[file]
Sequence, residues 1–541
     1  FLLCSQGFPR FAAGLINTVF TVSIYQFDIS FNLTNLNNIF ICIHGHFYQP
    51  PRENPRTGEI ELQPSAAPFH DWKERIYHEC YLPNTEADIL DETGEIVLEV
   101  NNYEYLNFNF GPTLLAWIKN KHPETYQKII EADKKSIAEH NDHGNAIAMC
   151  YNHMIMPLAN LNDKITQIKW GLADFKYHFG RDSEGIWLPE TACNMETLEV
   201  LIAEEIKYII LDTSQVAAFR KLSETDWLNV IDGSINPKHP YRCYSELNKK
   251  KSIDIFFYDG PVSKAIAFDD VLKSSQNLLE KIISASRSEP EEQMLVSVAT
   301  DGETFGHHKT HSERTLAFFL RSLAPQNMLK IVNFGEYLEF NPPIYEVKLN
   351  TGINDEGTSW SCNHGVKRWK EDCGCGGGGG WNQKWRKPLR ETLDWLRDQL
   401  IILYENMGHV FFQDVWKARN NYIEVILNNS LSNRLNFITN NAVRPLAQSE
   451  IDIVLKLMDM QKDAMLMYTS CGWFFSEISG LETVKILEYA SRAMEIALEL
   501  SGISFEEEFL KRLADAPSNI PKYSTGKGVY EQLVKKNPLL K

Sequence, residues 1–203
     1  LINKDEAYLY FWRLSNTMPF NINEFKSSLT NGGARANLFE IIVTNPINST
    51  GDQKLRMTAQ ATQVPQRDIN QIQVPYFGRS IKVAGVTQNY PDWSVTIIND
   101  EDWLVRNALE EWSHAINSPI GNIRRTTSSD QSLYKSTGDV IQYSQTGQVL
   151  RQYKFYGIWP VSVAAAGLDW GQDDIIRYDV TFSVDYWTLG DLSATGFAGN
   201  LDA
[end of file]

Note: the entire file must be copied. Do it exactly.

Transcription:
Sequence, residues 1–541
     1  FLLCSQGFPR FAAGLINTVF TVSIYQFDIS FNLTNLNNIF ICIHGHFYQP
    51  PRENPRTGEI ELQPSAAPFH DWKERIYHEC YLPNTEADIL DETGEIVLEV
   101  NNYEYLNFNF GPTLLAWIKN KHPETYQKII EADKKSIAEH NDHGNAIAMC
   151  YNHMIMPLAN LNDKITQIKW GLADFKYHFG RDSEGIWLPE TACNMETLEV
   201  LIAEEIKYII LDTSQVAAFR KLSETDWLNV IDGSINPKHP YRCYSELNKK
   251  KSIDIFFYDG PVSKAIAFDD VLKSSQNLLE KIISASRSEP EEQMLVSVAT
   301  DGETFGHHKT HSERTLAFFL RSLAPQNMLK IVNFGEYLEF NPPIYEVKLN
   351  TGINDEGTSW SCNHGVKRWK EDCGCGGGGG WNQKWRKPLR ETLDWLRDQL
   401  IILYENMGHV FFQDVWKARN NYIEVILNNS LSNRLNFITN NAVRPLAQSE
   451  IDIVLKLMDM QKDAMLMYTS CGWFFSEISG LETVKILEYA SRAMEIALEL
   501  SGISFEEEFL KRLADAPSNI PKYSTGKGVY EQLVKKNPLL K

Sequence, residues 1–203
     1  LINKDEAYLY FWRLSNTMPF NINEFKSSLT NGGARANLFE IIVTNPINST
    51  GDQKLRMTAQ ATQVPQRDIN QIQVPYFGRS IKVAGVTQNY PDWSVTIIND
   101  EDWLVRNALE EWSHAINSPI GNIRRTTSSD QSLYKSTGDV IQYSQTGQVL
   151  RQYKFYGIWP VSVAAAGLDW GQDDIIRYDV TFSVDYWTLG DLSATGFAGN
   201  LDA